Surgery of Spinal Tumors var callbackToken='4736478B180E761'; American Journal of Neuroradiology Skip to main page content Home Current Issue Publication Preview Search the AJNR Archives Interventional Neuroradiology Neurographics Help Search for Keyword: GO Advanced Search Institution: Deep Dyve User Name Password Sign In Book Review <h2>Surgery of Spinal Tumors</h2> J. Klekamp and M. Samii, eds. Springer; 2007, 526 pages, 1862 illustrations, $389.00. Neuroradiologists infrequently observe the intraoperative findings of patients whose imaging studies they have interpreted unless they are actively involved with intraoperative spinal sonography (which comprises a vanishing small number of radiologists). Now with this textbook, Surgery of Spinal Tumors , rich in color photographs from the operating room (OR), a glance into surgical correlations is possible. This, of course, is not a substitute for being in the OR and watching step-by-step tumor removal, but the book is, nonetheless, instructional. The authors, both German neurosurgeons, have compiled their experience with more than 1000 spinal tumors and have divided the tumors into the usual 3 categories: intramedullary, extramedullary/intradural, and epidural tumors. A by-product of this categorization is that one gets an idea of the relative frequency of various tumors within each category, in both adults and children. Each of these tumor categories starts with a subsection entitled “History and Diagnosis,” and in turn, there are sections on neuroradiology, surgery, exposure, and removal. Variously, there is material pertinent to that particular set of tumors, including, for example, closure, long-term/short-term complications, survival, adjunct therapy, and issues related to specific tumor type. Do not expect any great revelations concerning the imaging (predominately MR imaging). One could take exception with some of the legends, such as the failure to observe/mention a large prevertebral soft-tissue mass with tracheal deviation (probably a thyroid tumor) on a postoperative MR image, where surgery had been done for a meningioma, or the description of a “conus lipoma,” when in fact this is a lipomyelomeningocele with a distal hydromyelia and spinal dysraphism. Other strange imaging pops into the text, such as the legends describing split cord and an arteriovenous malformation (AVM) while illustrating only the CT scan and plain films, neither of which demonstrate the split cord or the AVM. The incomplete nature of a few of the legends is exemplified by a case of neurenteric cyst, in which there is a failure to mention the associated vertebral anomaly and incompletely/inadequately described CSF flow studies. In addition, a reasonable addition to the book would have been the inclusion, in the intramedullary tumor section, of pathologic entities that mimic tumors, both clinical and imaging findings, but, in fact, were other etiologies such as inflammatory or autoimmune processes. This, as we all know, is an area where mistakes can be made both by the radiologist and the surgeon. In the epidural tumor section, there is a wide-ranging and interesting set of pathologies. A number of good cases are shown in the neuroradiology portion of this section, including (just to name a few) unusual osteosarcomas, an extradural cavernoma mimicking a synovial cyst, a small osteoblastoma, cord herniation, intraosseous cavernoma, and epidural hematomas in various stages of evolution. The object here was to compare a number of theses entities with tumors in the extradural space. Although perhaps for the neurosurgical community it would not be so important, this reviewer would like to have seen labeling on the intraoperative photographs and sequential line drawings to show some of the more complex approaches to the extradural (bony and soft tissue) tumors. In fairness, the book is not intended to be a learning experience in imaging (though one would have hoped for more accuracy in some areas)—it was to show how the surgeon approaches and deals with a variety of tumors. In this, the authors have succeeded. This, therefore, is a book that few neuroradiologists will want to own personally but would be an appropriate addition to the library of a neuroradiology department where there is a fellowship training program. In this reviewer's opinion, a deficiency in most neuroradiology training programs is that block time is not specifically set aside for fellows to go to the OR and observe the neurosurgeon in action. Time constraints and clinical demands have abrogated that option; therefore, in a minor sense, this book could be consulted on occasion (admittedly a suboptimal substitute) to show how one deals with spinal tumors.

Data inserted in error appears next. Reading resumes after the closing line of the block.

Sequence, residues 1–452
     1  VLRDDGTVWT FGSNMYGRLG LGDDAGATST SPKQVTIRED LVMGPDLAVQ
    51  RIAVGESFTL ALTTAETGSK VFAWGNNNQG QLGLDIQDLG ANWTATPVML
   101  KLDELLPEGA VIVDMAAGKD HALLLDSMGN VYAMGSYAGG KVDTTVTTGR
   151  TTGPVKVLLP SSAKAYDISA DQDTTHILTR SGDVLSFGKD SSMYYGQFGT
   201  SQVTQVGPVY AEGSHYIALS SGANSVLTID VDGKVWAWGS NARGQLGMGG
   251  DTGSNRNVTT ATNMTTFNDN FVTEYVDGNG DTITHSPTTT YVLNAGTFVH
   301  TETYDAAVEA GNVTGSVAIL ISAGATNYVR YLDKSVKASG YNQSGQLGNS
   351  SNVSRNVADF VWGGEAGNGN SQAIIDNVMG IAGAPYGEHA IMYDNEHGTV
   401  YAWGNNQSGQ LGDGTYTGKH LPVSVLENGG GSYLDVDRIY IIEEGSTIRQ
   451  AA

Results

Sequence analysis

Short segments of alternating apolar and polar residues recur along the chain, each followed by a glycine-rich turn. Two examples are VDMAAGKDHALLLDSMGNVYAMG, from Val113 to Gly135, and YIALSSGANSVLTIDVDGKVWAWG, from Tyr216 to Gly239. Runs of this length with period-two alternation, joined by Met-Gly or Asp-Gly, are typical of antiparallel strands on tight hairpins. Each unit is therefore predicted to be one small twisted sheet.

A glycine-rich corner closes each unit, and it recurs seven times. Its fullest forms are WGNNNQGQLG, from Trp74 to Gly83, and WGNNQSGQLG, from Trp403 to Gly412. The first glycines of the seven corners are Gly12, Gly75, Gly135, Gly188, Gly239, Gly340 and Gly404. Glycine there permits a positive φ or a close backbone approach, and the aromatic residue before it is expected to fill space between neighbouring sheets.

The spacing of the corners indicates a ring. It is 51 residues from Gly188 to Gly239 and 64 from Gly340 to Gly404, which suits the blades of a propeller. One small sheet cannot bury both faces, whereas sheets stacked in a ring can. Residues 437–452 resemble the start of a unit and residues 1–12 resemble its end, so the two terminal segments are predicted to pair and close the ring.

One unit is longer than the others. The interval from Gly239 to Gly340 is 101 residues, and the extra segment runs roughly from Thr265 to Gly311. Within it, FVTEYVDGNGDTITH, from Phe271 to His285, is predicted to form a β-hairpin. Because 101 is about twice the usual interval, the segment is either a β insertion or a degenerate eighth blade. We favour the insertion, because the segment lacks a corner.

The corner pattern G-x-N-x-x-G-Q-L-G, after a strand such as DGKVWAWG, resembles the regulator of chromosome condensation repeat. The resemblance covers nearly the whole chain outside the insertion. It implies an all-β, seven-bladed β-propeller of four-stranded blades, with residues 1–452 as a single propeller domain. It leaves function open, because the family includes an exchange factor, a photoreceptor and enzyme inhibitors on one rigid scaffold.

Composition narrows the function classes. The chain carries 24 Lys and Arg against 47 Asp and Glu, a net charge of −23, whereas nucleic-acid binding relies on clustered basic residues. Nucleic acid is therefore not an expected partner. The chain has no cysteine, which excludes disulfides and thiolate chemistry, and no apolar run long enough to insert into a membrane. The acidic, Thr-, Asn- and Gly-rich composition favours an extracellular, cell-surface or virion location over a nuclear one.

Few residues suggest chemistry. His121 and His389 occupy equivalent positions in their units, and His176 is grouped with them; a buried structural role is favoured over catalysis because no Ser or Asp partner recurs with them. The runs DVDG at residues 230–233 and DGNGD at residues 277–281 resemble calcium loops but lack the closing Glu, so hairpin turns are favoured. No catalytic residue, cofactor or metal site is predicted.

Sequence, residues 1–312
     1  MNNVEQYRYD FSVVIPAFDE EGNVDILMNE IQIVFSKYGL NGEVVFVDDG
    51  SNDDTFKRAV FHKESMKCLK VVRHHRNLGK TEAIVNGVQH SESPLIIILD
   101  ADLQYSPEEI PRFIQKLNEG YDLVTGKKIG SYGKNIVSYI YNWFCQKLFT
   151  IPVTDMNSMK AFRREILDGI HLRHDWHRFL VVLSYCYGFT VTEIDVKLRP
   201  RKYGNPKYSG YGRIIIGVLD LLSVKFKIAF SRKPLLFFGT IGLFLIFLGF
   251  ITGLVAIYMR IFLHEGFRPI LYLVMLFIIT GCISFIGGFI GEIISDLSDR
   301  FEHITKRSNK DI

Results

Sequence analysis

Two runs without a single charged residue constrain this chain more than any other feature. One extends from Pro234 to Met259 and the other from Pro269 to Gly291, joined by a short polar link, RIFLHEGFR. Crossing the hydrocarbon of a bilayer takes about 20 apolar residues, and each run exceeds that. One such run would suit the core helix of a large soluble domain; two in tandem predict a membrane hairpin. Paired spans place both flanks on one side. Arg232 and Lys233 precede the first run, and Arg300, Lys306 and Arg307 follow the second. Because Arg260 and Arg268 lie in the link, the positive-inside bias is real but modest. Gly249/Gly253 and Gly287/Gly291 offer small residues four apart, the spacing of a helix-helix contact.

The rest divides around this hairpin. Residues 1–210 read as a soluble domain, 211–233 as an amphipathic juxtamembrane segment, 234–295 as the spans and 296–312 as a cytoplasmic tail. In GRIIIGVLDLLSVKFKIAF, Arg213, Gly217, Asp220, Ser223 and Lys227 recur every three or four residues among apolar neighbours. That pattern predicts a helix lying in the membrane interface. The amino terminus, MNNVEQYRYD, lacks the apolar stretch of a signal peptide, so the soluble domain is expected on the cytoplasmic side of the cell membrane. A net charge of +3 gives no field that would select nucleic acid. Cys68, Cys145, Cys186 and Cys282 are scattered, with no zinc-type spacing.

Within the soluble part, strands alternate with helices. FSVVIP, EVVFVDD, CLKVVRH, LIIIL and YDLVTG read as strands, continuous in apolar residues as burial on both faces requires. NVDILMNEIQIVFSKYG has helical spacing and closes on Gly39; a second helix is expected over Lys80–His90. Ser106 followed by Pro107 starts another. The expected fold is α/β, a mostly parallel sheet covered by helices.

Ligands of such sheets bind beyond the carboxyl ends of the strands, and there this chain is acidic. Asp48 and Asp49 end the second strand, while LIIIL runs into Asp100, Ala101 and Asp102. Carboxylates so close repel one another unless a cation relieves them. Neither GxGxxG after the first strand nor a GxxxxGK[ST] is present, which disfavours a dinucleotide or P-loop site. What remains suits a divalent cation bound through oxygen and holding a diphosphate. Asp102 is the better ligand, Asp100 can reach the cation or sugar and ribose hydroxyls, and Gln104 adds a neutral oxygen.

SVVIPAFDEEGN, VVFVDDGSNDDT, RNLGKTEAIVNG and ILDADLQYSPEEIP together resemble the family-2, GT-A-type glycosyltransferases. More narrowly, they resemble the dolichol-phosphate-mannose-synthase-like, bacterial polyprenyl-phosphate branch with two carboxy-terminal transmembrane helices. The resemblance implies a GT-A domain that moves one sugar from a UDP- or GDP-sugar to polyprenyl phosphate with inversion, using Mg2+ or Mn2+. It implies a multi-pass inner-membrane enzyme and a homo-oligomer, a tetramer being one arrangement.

American Journal of Neuroradiology – American Journal of Neuroradiology
Published: Aug 1, 2009